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Clarify "character technology misuse"

From: Björn Höhrmann <bjoern@hoehrmann.de>
Date: Fri, 9 Apr 2004 06:41:20 +0900
Cc: bjoern@hoehrmann.de (Björn Höhrmann)
Message-Id: <113159101.20040408214119@toro.w3.mag.keio.ac.jp>
To: www-i18n-comments@w3.org

This is a last call comment from Björn Höhrmann (bjoern@hoehrmann.de) on
the Character Model for the World Wide Web 1.0
(http://www.w3.org/TR/2002/WD-charmod-20020430/).

Semi-structured version of the comment:

Submitted by: Björn Höhrmann (bjoern@hoehrmann.de)
Submitted on behalf of (maybe empty): 
Comment type: other
Chapter/section the comment applies to: 4.5 Private use code points
The comment will be visible to: public
Comment title: Clarify "character technology misuse"
Comment:
Section 4.5, Private use code points:

[...]
  C069 [C] Content SHOULD NOT misuse character technology for pictures
  or graphics.
[...]

C068 and C069 are misplaced in section 4.5, the section is about private use code points, not about proper use of characters. There should be a clarification what the specification considers misuse. Unicode contains a number of characters that could be used as a replacement for many common graphics or ASCII art on the web. Is it misuse to use e.g.

  <span style = 'font-size: xx-large'>&#x2601;</span>

in a weather forecast? Or should I use

  <img src = 'cloud' ...>

The former is in fact troublesome, maybe it should be written as e.g.

  <abbr title='cloudy'>&#x2601;</abbr>

but then I am not sure how a voice browser would render U+2601 anyway. Maybe a number of Unicode characters are just a more advanced form of
ASCII art and should indeed be replaced by graphics with proper (often empty) alternate text... There should be at least some discussion with illustrative examples to clarify what this means and what issues are involved, this requirement would otherwise have no real effect in practise.


Structured version of  the comment:

<lc-comment
  visibility="public" status="pending"
  decision="pending" impact="pending" id="LC-">
  <originator email="bjoern@hoehrmann.de"
      >Björn Höhrmann</originator>
  <represents email=""
      >-</represents>
  <charmod-section href='http://www.w3.org/TR/2004/WD-charmod-20040225/#sec-PrivateUse'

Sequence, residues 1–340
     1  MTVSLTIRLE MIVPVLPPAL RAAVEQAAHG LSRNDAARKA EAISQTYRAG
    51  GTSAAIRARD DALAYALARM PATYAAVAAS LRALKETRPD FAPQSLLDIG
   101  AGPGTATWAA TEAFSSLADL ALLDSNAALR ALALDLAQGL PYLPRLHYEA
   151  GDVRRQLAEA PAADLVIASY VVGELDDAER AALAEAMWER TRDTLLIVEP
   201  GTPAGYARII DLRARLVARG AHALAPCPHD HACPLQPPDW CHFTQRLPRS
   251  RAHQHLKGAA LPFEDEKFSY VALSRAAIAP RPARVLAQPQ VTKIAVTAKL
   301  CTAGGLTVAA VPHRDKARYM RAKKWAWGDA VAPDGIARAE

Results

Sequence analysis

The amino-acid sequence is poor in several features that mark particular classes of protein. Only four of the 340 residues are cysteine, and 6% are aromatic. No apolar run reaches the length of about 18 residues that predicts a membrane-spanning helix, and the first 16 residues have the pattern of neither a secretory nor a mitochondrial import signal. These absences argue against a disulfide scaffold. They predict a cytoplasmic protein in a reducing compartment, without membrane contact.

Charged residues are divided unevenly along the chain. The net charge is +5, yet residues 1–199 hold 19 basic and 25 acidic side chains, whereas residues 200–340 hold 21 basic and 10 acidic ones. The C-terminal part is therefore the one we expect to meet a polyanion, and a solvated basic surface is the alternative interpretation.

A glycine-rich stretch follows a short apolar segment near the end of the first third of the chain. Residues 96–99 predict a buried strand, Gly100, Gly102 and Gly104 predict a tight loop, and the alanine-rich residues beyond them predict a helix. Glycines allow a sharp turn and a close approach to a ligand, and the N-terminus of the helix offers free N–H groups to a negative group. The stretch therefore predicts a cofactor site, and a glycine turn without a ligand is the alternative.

>4.5</charmod-section>
  <title>Clarify &#x22;character technology misuse&#x22;</title>
  <description>
    <comment>
      <dated-link date="2004-04-08"
         href="http://www.w3.org/mid/113159101.20040408214119@toro.w3.mag.keio.ac.jp"
        >Clarify "character technology misuse"</dated-link>
      <para>Section 4.5, Private use code points:

[...]
  C069 [C] Content SHOULD NOT misuse character technology for pictures
  or graphics.
[...]

C068 and C069 are misplaced in section 4.5, the section is about private use code points, not about proper use of characters. There should be a clarification what the specification considers misuse. Unicode contains a number of characters that could be used as a replacement for many common graphics or ASCII art on the web. Is it misuse to use e.g.

  &#x3C;span style = &#x27;font-size: xx-large&#x27;&#x3E;&#x26;#x2601;&#x3C;/span&#x3E;

in a weather forecast? Or should I use

  &#x3C;img src = &#x27;cloud&#x27; ...&#x3E;

The former is in fact troublesome, maybe it should be written as e.g.

  &#x3C;abbr title=&#x27;cloudy&#x27;&#x3E;&#x26;#x2601;&#x3C;/abbr&#x3E;

but then I am not sure how a voice browser would render U+2601 anyway. Maybe a number of Unicode characters are just a more advanced form of
ASCII art and should indeed be replaced by graphics with proper (often empty) alternate text... There should be at least some discussion with illustrative examples to clarify what this means and what issues are involved, this requirement would otherwise have no real effect in practise.</para>
    </comment>
  </description>
</lc-comment>
Received on Thursday, 8 April 2004 17:41:21 GMT

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